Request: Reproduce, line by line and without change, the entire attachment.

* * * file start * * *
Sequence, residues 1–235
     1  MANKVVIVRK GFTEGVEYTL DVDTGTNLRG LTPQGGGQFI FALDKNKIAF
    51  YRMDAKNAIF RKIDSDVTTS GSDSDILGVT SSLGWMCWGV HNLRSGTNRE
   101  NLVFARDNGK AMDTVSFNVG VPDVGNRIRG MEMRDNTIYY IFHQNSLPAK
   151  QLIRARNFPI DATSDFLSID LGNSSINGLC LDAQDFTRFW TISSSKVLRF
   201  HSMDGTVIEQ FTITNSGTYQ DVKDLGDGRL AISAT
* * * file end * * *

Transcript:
Sequence, residues 1–235
     1  MANKVVIVRK GFTEGVEYTL DVDTGTNLRG LTPQGGGQFI FALDKNKIAF
    51  YRMDAKNAIF RKIDSDVTTS GSDSDILGVT SSLGWMCWGV HNLRSGTNRE
   101  NLVFARDNGK AMDTVSFNVG VPDVGNRIRG MEMRDNTIYY IFHQNSLPAK
   151  QLIRARNFPI DATSDFLSID LGNSSINGLC LDAQDFTRFW TISSSKVLRF
   201  HSMDGTVIEQ FTITNSGTYQ DVKDLGDGRL AISAT